Nothing about Denver is more misunderstood than the city's climate. Located just east of a high mountain barrier and a long distance from any moisture source, Denver has a mild, dry and arid climate. The city receives only 8-15 inches (20.3 - 38 cm) of precipitation a year (about the same as Los Angeles), and records 300 days of sunshine a year -- more annual hours of sun than San Diego or Miami Beach.
Winters are mild with an average daily high of 45 degrees Fahrenheit, 7 degrees Celsius in February, warmer than New York, Boston, Chicago or St. Louis. Snow does fall, but it usually melts in a short time. Golf courses remain open all year and have been played on as many as 30 days in January. Chinook winds (a wind blowing down from a mountain that gains heat as it loses elevation) can bring 60 degree F (16 degrees C) weather to Denver at any time throughout the winter.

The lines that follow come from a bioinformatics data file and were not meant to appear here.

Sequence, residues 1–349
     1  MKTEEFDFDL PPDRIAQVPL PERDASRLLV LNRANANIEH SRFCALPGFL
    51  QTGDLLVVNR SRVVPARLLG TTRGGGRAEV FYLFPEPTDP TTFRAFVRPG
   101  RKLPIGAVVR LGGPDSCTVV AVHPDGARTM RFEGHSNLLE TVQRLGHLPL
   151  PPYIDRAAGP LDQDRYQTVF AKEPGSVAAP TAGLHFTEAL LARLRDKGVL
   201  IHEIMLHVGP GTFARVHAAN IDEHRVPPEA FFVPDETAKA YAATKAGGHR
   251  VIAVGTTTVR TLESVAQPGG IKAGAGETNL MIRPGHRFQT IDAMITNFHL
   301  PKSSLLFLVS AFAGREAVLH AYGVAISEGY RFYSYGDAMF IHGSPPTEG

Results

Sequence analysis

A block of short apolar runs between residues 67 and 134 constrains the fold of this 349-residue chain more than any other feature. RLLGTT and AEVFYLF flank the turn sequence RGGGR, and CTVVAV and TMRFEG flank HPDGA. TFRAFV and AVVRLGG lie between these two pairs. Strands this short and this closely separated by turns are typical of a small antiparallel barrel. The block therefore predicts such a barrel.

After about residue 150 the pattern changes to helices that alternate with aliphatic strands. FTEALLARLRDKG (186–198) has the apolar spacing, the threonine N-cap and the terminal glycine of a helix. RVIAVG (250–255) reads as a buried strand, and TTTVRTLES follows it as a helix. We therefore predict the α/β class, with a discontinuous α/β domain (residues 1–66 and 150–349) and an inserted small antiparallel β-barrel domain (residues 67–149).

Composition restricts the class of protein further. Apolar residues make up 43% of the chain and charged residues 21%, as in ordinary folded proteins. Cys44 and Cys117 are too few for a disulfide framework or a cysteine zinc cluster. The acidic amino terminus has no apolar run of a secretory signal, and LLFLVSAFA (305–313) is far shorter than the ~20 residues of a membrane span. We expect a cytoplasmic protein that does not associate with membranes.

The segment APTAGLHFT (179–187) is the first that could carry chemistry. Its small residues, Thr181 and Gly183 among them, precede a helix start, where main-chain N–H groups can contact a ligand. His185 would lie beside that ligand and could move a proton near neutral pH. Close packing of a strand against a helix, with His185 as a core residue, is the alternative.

In summer, dry relative humidity makes Denver feel cool and comfortable, offering natural air conditioning. Fall is a particularly delightful time to visit the city and make day excursions to the mountains to view the colorful changing of the aspens, an event that takes place from mid-September until mid-October